Prussia studied the city-state of Sparta. Why?
First, a little about Sparta, a city-state which was basically a war-mongering nation in what is now Greece. Everything centered around the military.
Spartans were essentially sorted into castes; Spartiates (receiving all rights), Mothakes (non-Spartan men treated as Spartans), Perioikoi (freed men), and Helots (state-owned slaves and enslaved non-Spartan residents).
Helots had violent uprisings often, so the Spartiates and especially Perioikoi were trained in warfare to squash Helot dissenters. A secret police existed to kill Helots to keep them under control. The only way for a Spartan man to achieve high rank in society was to become a secret police, those able to kill for the state were the only ones "worthy" of distinction and rights.
The Helots' lives were quite under the control of the government. The government could call upon them at any time to serve at war. Additionally, they did not own land but rather rented it and had to obtain government permission to move.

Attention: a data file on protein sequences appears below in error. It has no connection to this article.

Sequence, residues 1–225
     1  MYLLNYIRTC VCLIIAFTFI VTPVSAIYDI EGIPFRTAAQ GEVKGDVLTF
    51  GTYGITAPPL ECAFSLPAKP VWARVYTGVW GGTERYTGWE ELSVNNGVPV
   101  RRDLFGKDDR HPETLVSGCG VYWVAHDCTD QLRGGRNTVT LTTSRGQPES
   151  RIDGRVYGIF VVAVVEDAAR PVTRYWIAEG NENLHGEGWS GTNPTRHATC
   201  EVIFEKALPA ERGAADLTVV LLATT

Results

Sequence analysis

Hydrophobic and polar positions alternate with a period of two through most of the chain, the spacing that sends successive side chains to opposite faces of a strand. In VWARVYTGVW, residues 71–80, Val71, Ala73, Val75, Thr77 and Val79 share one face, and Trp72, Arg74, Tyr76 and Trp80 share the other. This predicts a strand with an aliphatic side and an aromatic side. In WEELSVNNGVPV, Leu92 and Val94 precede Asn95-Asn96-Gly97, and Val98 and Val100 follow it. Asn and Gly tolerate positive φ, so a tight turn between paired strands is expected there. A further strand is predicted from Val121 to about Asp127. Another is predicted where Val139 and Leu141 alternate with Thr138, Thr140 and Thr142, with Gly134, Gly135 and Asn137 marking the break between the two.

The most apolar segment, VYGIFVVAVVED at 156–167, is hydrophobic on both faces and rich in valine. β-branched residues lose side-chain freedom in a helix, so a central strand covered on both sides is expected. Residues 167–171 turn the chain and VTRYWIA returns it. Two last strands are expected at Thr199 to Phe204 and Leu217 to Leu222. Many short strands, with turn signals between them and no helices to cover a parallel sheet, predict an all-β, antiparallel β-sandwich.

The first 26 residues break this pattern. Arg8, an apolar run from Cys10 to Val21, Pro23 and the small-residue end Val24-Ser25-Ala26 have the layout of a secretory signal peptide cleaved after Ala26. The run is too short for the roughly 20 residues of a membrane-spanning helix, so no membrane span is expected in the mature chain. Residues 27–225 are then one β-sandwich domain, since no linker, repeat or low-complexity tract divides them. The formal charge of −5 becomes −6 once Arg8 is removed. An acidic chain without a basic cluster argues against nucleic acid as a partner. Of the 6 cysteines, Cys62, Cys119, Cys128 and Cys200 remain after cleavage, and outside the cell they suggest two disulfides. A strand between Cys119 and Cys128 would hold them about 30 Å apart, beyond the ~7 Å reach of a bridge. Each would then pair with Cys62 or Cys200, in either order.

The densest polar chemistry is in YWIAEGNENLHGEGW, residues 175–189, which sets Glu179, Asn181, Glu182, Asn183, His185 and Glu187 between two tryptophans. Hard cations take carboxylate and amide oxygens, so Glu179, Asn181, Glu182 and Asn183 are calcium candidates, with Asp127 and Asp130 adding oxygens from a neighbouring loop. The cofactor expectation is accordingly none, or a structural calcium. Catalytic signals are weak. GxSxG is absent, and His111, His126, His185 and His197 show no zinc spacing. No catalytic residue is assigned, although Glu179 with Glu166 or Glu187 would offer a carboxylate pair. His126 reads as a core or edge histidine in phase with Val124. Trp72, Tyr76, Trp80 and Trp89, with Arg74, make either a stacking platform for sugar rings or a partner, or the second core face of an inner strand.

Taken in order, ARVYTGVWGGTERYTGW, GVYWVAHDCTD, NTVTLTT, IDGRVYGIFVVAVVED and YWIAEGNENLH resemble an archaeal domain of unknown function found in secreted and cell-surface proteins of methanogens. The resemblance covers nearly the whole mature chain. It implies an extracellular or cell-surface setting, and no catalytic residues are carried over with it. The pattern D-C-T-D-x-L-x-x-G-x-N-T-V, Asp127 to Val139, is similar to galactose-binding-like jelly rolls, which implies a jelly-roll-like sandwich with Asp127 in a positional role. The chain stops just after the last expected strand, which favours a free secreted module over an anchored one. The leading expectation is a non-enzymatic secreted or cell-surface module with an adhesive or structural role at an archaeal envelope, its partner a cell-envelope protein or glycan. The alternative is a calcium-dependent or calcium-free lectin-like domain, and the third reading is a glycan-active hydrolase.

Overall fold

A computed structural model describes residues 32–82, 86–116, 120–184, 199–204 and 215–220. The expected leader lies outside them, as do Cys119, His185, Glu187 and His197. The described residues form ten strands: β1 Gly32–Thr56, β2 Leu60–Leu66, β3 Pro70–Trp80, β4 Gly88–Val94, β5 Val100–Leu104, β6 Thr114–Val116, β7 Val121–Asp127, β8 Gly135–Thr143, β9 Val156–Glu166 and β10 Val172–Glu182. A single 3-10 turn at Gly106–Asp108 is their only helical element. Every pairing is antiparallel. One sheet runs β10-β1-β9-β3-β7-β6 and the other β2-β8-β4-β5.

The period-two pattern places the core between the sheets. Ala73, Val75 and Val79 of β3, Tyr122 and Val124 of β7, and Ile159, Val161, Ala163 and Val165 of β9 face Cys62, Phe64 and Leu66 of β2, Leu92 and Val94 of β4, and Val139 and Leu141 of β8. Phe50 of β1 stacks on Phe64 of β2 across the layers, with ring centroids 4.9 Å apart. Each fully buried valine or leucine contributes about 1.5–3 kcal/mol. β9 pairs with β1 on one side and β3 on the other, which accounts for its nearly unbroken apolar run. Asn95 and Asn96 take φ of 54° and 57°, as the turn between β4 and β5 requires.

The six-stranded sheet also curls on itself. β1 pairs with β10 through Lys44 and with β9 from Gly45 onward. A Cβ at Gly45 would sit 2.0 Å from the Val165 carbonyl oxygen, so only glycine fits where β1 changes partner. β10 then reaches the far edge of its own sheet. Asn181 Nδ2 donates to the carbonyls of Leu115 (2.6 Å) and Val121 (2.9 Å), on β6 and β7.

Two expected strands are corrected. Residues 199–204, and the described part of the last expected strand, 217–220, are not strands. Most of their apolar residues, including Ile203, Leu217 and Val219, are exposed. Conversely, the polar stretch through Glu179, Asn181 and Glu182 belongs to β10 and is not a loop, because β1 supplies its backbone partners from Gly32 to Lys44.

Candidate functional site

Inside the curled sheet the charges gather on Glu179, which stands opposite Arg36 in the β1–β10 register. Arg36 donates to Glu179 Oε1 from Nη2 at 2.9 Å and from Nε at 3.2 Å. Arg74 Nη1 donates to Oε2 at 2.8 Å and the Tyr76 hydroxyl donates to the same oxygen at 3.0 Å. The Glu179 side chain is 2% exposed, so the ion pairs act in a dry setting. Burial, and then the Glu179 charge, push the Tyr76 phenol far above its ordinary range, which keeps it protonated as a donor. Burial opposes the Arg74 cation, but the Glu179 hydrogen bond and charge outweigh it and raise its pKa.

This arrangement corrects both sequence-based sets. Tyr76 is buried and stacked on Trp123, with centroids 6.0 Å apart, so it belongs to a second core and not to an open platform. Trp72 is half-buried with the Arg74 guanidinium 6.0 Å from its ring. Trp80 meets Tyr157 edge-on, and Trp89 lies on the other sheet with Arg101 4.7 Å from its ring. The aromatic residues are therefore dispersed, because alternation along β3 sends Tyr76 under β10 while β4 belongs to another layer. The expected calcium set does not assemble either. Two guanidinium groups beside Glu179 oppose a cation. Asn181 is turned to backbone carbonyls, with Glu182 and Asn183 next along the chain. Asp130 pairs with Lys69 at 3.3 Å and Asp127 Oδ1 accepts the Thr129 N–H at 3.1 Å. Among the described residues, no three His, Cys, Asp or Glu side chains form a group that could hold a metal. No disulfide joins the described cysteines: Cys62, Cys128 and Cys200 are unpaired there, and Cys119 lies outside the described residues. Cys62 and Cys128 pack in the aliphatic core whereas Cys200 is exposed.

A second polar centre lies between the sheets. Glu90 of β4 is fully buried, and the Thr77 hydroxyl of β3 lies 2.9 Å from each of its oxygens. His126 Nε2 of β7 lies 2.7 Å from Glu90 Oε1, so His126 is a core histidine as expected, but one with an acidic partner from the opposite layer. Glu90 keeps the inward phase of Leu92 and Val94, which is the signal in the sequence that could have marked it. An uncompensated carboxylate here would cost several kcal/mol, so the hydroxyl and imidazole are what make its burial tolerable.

Spartan government practiced infanticide, a eugenic principle, where every newborn was inspected for its worthiness and exterminated if deemed inferior or unnecessary.
The secret police were rather intertwined with the agoge, Sparta's educational system, which took boys from the home at age 7 to train them for battle, making them state-owned until death.
The agoge, in addition to its focus on militarism, promoted conformity and the importance of the state over an individual's desires, wants, interests. Loyalty was to be to the school, not the boy's family.
Prussian education used some of Sparta's agoge philosophies in that Prussian education was to train a military state which placed honor of State and King above self and family.
However Prussia educated all its citizens and had a special school for the elite and the education modeled after Sparta was for the approximately 94% of Prussians (I have yet to find the social stratification percentages for Sparta), the non elite inferiors that needed to be "managed"... this is reminiscent of the management of Sparta's Helots. Both promoted compulsory education and total state obedience.
How did Prussian Education become, well, American? And how are Spartan and Prussian ideals still evident in our educational systems today? Well, that is for another post.